Despite its complex history, health benefits, economic importance, and nuanced food-pairing powers, sometimes tea’s real beauty lies in its simplicity. “I'm fascinated by the social aspects of tea -- it's just nice,” Hattie muses. “You can go anywhere in the world and share a cup of tea with someone. If you’re both enjoying the tea, the conversation just starts flowing.”
Every common tea variety, explained
Now that you know everything else about tea, here's a quick cheat sheet for the most common varieties. Consider it tea 101.
Gunpowder: Bold, slightly smokey Chinese tea made up of tightly rolled pellet-like leaves that resemble grains of gunpowder
Dragon Well (Longjing): Pan-roasted tea from China’s Zhejiang Province praised for its high quality and sweet, rounded flavor
Chun Mee: Chinese tea with leaves rolled into an eyebrow shape (the literal translation is “Precious Eyebrow”) known for its dusty coloring, vegetal notes, and fruity plum-like tartnes
Sencha: Extremely popular, bright green whole-leaf Japanese tea with many different subvarieties based on season harvested, growing method, and brewing style
Matcha: Often highly caffeinated Japanese tea leaves ground into a fine powder and meant to be dissolved in liquid rather than steeped
Silver Needle (Bai Hao Yinzhen): Prized delicate, woodsy, and aromatic golden tea made from small silver buds and mainly produced in China’s Fujian Province
White Peony (Bai Mudan): Full-bodied, floral, and pale green-hued tea made from the buds and top two leaves of a young plant shoot
Tribute Eyebrow (Gong Mei): Mid-grade white tea grown in China’s Guangxi and Fujian Provinces
and known for its bold, fruity flavors
Long Life Eyebrow (Shou Mei): Strong golden yellow tea from China’s Guangxi and Fujian Provinces made from the low-quality leaves left over from previous harvests
White tea blends: A vast array of infusions, tinctures, and blends with many different fruits and herbs, often for medicinal purposes
Black Teas & Black Tea Blends
Lapsang souchong: Chinese tea smoke-dried over pinewood to create a sharply smoky, woodsy flavor and aroma
Assam: Full-bodied, earthy, and malty tea from the northeast Indian state of Assam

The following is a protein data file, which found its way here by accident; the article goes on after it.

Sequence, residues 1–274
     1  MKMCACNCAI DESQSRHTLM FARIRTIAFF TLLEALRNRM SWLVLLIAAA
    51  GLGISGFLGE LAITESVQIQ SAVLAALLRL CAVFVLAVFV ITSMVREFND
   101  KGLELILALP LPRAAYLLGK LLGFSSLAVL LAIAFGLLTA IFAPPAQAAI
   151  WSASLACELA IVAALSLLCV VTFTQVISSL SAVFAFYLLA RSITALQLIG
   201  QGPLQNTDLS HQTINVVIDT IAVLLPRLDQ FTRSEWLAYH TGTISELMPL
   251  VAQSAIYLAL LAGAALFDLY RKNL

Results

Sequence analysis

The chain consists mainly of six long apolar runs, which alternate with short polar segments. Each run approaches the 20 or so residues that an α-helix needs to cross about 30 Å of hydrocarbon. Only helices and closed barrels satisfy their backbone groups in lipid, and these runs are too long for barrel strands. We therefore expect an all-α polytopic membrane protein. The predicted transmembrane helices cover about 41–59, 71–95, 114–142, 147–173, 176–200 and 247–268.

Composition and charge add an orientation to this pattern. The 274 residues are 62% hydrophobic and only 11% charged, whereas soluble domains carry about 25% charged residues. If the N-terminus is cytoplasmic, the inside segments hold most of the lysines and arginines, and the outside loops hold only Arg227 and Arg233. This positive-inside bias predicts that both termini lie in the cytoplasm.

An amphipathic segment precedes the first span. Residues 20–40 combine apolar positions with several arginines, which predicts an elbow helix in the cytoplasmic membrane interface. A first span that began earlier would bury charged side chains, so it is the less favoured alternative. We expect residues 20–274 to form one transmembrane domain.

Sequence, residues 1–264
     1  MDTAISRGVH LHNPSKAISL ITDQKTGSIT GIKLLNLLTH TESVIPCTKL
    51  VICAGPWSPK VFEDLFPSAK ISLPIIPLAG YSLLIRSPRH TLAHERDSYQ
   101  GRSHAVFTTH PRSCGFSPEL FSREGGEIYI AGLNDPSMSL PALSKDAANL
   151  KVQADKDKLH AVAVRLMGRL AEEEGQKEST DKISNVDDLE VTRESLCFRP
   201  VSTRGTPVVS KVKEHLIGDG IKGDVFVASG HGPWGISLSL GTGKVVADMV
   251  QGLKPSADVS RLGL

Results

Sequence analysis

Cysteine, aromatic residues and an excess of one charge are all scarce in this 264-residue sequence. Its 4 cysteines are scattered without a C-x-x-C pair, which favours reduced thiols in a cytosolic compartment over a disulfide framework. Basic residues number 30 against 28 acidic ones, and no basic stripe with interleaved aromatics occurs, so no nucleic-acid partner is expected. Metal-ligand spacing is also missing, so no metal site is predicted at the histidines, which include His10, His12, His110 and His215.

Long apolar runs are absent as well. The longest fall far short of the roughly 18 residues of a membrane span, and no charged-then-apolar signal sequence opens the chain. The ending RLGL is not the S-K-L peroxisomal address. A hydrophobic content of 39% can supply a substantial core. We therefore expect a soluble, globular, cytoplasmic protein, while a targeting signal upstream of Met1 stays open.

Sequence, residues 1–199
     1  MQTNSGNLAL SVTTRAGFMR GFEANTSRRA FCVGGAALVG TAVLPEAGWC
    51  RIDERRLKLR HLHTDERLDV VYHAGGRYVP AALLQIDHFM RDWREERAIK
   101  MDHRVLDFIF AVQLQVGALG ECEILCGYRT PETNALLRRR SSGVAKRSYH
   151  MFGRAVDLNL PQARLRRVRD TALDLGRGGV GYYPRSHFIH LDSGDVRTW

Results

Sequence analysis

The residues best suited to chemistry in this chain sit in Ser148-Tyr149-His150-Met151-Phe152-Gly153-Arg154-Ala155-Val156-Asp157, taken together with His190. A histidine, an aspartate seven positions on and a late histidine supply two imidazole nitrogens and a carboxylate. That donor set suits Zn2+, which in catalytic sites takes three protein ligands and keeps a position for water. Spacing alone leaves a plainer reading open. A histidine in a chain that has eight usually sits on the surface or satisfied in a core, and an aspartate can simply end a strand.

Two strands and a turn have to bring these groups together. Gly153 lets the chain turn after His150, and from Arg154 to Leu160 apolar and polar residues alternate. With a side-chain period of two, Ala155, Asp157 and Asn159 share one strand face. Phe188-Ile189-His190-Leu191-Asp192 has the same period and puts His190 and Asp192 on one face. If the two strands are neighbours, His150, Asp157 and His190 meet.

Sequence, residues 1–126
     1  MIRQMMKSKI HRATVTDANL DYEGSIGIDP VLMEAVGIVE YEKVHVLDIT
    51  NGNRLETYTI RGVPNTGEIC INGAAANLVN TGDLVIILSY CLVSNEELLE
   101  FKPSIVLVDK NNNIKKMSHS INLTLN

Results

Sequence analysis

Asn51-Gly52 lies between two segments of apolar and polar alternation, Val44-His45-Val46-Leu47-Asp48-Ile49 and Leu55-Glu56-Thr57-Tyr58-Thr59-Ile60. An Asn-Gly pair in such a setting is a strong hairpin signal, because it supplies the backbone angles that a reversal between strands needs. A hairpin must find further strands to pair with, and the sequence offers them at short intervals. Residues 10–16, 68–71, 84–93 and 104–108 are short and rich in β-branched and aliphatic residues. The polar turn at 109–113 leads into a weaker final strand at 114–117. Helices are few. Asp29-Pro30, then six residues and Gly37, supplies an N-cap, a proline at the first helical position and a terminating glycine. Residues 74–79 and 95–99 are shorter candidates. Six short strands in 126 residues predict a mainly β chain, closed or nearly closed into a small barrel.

Darjeeling: Grown in West Bengal, India and known for its light body, floral aroma, and tannic spiciness
Ceylon: Honey-colored or reddish-brown tea with light and floral or rich and full-bodied characteristics depending on growth
Earl Grey: A mix of Chinese-grown black tea and fragrant bergamot oil named after former British Prime Minister Charles Grey
English Breakfast: Traditionally made from a combination of Assam, Ceylon, and Kenyan-grown black teas and known for its bitterness, brown color, and robust yet rounded flavor
Irish Breakfast: Strong black tea blend generally dominated by Assam leaves and sharing a similar profile with English Breakfast
Masala Chai: Bold black tea from India usually made from a type of Assam that’s been cured into a dissolvable powder then mixed with a number of warming spices like cinnamon, ginger, cardamom, anise, fennel, nutmeg, and cloves, in addition to sweeteners and often served with milk
Iron Goddess of Mercy (Ti Kuan Yin or Tie Guan Yin): Very popular Chinese tea grown in the Fujian Province’s mountainous Anxi region and beloved for its refreshing qualities, honeyed flavor, and orchid-like aroma
Red Robe Tea (Da Hong Pao): Heavily-oxidized, dark orange-hued tea from China’s Wuyi Mountains with intense smoke and caramel notes and a markedly high price tag
Phoenix (Dan Chong or Dan Cong): Flavorful, full-bodied tea harvested from a single bush grown in China’s Guangdong Province with different characteristics depending on the batch’s origin plant
Milk Oolong (Nai Xiang): Creamy, and easy-drinking Taiwanese tea first created in 1980
Pouchong: Very airy and floral Chinese or Taiwanese tea made from pale unrolled leaves
Chamomile: Herbal infusion made from several different species of a daisy-like plant in the Asteraceae family and thought to treat stomach aches, inflammation, and insomnia
Chrysanthemum: Very aromatic mix of dried chrysanthemum petals often served with Chinese Dim Sum
Hibiscus: Brightly-colored, tart infusion made from the hibiscus plant, often blended with rosehip and served either hot or cold
Kava: Powdery tincture made from a root native to the South Pacific islands used for relaxation and other neurological purposes, including as a natural alternative to synthetic antidepressant and antianxiety medications
Rooibos (Red Bush): Earthy, bright, and caffeine-free infusion made from a ruddy, red-colored South African plant loaded with antioxidants
Pennyroyal Tea: One of Nirvana’s most severely underrated bangers